Equipment Review

Ezzy Freeride Mark II










The one and only Ezzy freeride sail was called the Infinity and it had two cams. That differentiated it from most of the other brands who had ditched cams from their freeride sails. Cams were seen as hard to rig and hard to handle for the ‘intermediate’ sailor. But Ezzy stuck to its guns until 2007 when they brought out the Ezzy Freeride – their first no-cam freeride sail. Now it’s a year later and we have the Freeride Mark II model, again with no cams. It sits alongside the 2-cam Infinity as part of their overall blasting/speed/freeride sails. So why ditch the cams?

Over to the man himself, Dave Ezzy:

Why did you wait until 2007 to produce your first freeride sail with no cams?

Dave: I have always felt that you can’t beat a ‘cam’ as far as the performance is concerned. A cam puts a nice curve into the sail and holds the shape very stable. This is something both intermediate and expert sailors desire. The two most common complaints people have against cams are that they don’t de-power easily and they rotate hard during tacks and jibes. I tried making no cam sails in the past, but they were too flat and unstable. Then in 2007, I developed a different method of seam shaping that allowed me to get a profile very similar to what the cam gives and is nearly as stable. Many people look at the Freeride and just assume it has cams, yet the Freeride is almost as stable as the Infinity and has about the same power.

There seems to be quite a lot of change from the 2007 Freeride to the Mark II model? Are you learning all the time about no-cam Freeride sails?

Dave: Absolutely; I am learning so much these days. I have been designing sails for 25 years and I feel like I am now starting to really understand what makes a sail tick. The no cam sail actually grew out of my work on the wave sails and a lot of the stuff I have learned recently on the no cam sails has gone back into the wave sails. I feel like there is so much potential to improve sails over the next few years.

Explain more about the ‘refined technique of seam shaping’ which gives the sail a cambered look without the cams.

Dave: Sorry, can’t divulge…trade secret!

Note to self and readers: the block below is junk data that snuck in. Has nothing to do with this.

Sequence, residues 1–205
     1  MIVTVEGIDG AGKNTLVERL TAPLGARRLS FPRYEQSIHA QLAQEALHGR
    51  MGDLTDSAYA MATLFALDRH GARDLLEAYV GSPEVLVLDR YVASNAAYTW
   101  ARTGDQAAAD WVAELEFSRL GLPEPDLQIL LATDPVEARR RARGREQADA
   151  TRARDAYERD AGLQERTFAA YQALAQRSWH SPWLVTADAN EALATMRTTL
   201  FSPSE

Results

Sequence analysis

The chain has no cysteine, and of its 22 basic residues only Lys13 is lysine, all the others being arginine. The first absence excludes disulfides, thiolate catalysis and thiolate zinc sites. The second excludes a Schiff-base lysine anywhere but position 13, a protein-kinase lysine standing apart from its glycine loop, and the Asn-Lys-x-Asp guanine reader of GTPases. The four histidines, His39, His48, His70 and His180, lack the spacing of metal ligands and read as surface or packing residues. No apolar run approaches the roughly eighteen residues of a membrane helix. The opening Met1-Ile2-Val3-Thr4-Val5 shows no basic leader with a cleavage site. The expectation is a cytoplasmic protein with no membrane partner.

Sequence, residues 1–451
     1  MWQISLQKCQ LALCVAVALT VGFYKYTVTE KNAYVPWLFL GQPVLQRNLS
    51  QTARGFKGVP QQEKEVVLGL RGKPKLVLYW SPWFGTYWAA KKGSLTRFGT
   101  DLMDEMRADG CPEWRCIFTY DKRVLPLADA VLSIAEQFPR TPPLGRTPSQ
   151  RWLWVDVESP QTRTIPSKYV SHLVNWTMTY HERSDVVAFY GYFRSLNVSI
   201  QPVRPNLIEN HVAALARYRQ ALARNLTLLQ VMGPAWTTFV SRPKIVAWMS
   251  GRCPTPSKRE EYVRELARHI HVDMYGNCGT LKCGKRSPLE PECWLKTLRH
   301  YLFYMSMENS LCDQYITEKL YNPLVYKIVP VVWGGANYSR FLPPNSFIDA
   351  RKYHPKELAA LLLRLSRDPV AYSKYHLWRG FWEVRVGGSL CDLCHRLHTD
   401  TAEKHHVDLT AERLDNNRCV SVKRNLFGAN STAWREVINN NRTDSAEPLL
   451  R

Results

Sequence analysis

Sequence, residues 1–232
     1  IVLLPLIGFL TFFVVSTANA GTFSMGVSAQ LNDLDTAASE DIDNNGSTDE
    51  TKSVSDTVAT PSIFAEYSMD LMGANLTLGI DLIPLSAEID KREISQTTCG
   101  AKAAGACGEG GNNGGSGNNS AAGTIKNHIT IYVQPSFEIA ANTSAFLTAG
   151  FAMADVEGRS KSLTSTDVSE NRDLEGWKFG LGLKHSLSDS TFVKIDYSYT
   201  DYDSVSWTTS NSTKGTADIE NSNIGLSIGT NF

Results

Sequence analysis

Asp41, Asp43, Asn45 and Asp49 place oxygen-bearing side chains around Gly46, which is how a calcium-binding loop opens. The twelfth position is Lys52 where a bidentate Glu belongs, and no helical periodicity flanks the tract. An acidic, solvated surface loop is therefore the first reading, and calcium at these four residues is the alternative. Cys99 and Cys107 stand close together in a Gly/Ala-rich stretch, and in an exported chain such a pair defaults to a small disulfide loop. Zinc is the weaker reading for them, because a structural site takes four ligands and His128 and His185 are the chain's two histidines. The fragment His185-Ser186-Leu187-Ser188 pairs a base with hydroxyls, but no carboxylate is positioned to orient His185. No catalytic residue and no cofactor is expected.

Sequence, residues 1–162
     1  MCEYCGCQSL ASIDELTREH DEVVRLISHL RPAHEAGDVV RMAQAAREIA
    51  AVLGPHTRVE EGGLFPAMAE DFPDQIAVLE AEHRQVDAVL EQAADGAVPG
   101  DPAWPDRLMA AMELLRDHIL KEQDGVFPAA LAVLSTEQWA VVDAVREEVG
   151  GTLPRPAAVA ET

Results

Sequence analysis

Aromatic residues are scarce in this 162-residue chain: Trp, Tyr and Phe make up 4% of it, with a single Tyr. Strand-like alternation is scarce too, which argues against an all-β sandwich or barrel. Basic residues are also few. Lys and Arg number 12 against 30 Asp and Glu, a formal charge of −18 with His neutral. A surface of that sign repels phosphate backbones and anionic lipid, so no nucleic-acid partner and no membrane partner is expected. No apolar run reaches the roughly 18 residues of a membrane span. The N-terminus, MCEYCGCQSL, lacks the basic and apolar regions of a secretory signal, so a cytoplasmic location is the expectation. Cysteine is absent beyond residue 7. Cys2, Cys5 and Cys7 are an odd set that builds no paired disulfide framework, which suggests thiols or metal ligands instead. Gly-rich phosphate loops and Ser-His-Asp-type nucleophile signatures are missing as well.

If a freeride sailor has been used to sailing the Infinitys but then decides to switch to the Freeride, what differences will he feel on the water?

Dave: I think they will feel the power and the stability that they are used to in the Infinity, but have more fun carving jibes. The Freeride is also a bit lighter.

Finally, is there anything exciting coming from the Ezzy loft for 2009 that you can tell us about now?!
Dave: I will be introducing two new wave lines: 1) Freewave and 2) Wave Panther. Both sails will share a similar planform (outline) with the differences being in the materials and the draft profile and depth. The Freewave will have a slightly lighter construction and a flatter profile. It will be well suited for intermediate sailors and freestylers. The Wave Panther will be our premier wave sail. With new Technora fibered cloth on the leech it will be 20% lighter and 40% less stretch than our standard Spectra X film.
Features of Mark II Ezzy Freeride

  • Improved low-end power.
  • Better top end speed.
  • Lighter weight and handling.
  • Better trimming guides.
  • Sam durability.

Technical Info from Ezzy

The Ezzy Freeride has cracked the conundrum of how to achieve a sail with the speed, power and stability normally associated with sails featuring cams but without actually using any cams at all. The deep, draft forward profile of the Freeride Mark II actually looks similar to a cammed sail, but the shape comes from a refined technique of seam shaping. This means faster rigging and easier gybing but still retaining an awesome wind range


  • No monofilm.
  • Sail body panels are made from Spectra X film.
  • Foot of sail uses a puncture-proof Spectra X film.
  • The vinyl window offers superior visibility and can be cleaned for the life of the sail.
  • Removable, triple pulley system which makes downhauling very easy.

The stats

Size (m²) Luff (cm)

Boom (cm)

Mast (cm)
4.8 405-407 164-169 400 6
5.5 438-440 177-184 430 6
6.0 452-455 184-190 430 7
6.5 468-470 190-197 460 7
7.0 479-481 197-204 460 7
7.5 490-494 205-212 460 or 490 7
8.0 498-502 214-221 490 7
8.5 506-511 222-229 490

Cost: £378 to £449
Availability: Now. Go to Seasprite Sports to find your nearest dealer.

Finally, if you would like to watch this sail being rigged then go to the Ezzy Freeride page and click Rigging Videos!

If you would like to try one of the sails yourself, then most Ezzy dealers now have a sample in stock for viewing and trial.



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